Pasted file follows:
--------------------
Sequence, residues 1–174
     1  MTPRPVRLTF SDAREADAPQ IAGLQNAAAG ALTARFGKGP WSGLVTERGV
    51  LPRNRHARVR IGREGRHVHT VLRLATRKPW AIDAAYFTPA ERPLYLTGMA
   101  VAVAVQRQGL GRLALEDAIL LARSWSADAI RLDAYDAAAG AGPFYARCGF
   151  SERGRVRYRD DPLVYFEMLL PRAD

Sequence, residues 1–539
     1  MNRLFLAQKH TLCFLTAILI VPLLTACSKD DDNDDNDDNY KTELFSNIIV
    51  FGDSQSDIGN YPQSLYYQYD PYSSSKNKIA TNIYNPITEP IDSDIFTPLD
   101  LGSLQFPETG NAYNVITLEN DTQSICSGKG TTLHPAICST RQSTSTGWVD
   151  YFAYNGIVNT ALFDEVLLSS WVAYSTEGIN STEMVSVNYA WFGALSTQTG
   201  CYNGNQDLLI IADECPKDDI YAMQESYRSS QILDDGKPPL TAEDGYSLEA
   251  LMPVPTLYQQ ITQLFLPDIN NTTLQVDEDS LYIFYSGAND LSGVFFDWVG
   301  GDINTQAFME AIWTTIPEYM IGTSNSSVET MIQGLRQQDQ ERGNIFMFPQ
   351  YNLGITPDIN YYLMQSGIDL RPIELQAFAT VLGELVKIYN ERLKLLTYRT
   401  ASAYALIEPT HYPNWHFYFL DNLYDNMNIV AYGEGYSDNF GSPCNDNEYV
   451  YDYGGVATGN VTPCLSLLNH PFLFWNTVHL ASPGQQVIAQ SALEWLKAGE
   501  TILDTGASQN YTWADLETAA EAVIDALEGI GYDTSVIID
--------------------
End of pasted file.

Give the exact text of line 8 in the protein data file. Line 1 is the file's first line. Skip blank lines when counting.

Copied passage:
    51  FGDSQSDIGN YPQSLYYQYD PYSSSKNKIA TNIYNPITEP IDSDIFTPLD